It was reported in September that RI Advice practices were also unhappy with up to 30 practices looking to move. Additionally, rumours also circulate around most if not all aligned groups of general unrest and there is the expectation that we will see break away groups in 2015 emerge.
These events have raised the risk associated with Dealer Group acquisition’s and created a preference for Dealers with an employed adviser business model. The new risk assessment and the ensuing diminished demand has seen a reduction in prices for Dealer Group.
Fortnum bought back the 20% stake from ANZ to align with adviser value propositions and competitively positions them for what is expected to be rising consumer recognition and need of “independent” advice.
The first of the much anticipated consolidation and merging of Dealer Groups was seen with the coming together of Infocus and Patron. We expect to see more of this as Dealers seek scale benefits, and for some to explore future listing opportunities to access wider funding mechanisms and liquidity for succession purposes. Most recognize for true liquidity there is the need to be in the ASX Top 200 -a goal that many cannot achieve on their own.
Centrepoint Alliance raised $14m as it continues a very real turnaround story that marks their separation from the past and positions them well for the future. Additionally over the 12 month period their share price appreciated by 53.8% due to a profit increase of 142% from previous financial year loss of $7.8m to $3.3m profit.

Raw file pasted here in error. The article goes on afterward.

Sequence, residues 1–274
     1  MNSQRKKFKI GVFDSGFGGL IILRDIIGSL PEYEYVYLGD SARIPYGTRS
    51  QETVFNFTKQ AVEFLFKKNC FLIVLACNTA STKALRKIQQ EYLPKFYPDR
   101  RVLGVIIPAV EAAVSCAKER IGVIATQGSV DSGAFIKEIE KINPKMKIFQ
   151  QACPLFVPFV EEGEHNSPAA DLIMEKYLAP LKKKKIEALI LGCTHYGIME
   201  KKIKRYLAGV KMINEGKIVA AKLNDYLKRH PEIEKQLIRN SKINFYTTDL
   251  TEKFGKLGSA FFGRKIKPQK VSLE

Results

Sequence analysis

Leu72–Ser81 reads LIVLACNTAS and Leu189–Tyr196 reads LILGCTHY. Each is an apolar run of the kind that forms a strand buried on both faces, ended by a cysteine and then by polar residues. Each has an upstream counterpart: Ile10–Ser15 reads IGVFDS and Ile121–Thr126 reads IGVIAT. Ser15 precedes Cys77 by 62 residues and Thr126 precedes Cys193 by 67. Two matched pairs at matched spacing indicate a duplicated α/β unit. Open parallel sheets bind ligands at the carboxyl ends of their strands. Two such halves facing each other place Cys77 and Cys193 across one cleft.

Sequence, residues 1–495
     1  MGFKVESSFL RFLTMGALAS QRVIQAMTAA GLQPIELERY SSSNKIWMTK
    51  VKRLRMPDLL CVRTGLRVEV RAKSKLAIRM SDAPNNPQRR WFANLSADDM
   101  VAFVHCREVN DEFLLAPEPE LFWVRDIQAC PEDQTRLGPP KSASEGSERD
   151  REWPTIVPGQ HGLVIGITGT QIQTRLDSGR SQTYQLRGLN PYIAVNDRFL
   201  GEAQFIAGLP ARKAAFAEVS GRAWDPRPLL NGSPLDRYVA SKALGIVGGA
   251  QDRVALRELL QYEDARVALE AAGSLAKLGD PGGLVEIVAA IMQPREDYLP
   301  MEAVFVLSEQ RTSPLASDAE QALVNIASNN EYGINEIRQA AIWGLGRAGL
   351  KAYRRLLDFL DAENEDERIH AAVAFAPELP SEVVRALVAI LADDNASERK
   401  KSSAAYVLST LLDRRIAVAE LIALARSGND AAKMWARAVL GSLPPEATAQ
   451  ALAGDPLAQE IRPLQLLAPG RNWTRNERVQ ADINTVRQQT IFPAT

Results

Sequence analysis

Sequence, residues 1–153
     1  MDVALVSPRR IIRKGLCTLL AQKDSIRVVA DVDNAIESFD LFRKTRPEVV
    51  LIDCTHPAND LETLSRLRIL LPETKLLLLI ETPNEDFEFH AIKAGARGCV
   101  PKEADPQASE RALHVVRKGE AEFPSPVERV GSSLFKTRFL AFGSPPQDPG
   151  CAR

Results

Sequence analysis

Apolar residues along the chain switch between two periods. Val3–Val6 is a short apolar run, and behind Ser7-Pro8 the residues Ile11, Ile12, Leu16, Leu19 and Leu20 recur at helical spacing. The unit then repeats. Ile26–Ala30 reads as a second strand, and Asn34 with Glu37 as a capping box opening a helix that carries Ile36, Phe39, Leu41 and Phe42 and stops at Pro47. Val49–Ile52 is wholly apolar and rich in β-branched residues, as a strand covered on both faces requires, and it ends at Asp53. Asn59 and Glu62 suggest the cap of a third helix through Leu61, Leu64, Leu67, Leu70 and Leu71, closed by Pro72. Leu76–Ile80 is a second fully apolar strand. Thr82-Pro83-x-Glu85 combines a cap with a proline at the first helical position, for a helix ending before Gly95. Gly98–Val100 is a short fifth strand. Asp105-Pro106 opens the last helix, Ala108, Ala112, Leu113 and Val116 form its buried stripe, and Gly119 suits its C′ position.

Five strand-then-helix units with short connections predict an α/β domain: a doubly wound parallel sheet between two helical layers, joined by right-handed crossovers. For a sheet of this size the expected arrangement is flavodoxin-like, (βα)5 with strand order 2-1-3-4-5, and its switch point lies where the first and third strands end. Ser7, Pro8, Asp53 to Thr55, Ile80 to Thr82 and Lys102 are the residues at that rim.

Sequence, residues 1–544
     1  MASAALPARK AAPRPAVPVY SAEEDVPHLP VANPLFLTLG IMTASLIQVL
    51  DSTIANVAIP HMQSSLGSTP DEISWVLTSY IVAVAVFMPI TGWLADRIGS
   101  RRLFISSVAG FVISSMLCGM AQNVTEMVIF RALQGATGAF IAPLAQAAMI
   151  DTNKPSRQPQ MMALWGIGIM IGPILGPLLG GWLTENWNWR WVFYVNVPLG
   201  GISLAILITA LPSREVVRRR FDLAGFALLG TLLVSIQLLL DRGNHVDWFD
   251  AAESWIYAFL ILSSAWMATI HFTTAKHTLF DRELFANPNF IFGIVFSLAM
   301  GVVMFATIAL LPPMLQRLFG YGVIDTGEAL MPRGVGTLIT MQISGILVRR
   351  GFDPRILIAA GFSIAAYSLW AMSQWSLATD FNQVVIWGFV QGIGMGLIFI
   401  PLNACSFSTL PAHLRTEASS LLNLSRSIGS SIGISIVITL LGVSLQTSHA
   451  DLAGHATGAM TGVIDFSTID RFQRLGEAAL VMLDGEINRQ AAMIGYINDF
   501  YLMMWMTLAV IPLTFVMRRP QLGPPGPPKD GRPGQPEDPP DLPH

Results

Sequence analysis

IOOF reported a $101.3m net profit for 2014 excluding SFG.
Spring Financial nominated it will list and raise $4m and will be potentially capitalised at $34m. Spring Financial acquired Pink Diamond Financial Group and Moneytree Partners Group over 2014.
Listed Group MDS acquired SMSF group Sequoia Financial Group.
Prime Financial acquired a 20% stake in accounting and advisory firm MPR group
The All oRds appreciated by 1.4% for the calendar year but 17 industry stocks appreciated by 4.8% and this reflects a Financial Services recovery as we see the attraction of new capital both domestically and internationally.
Administration and Trustee Activity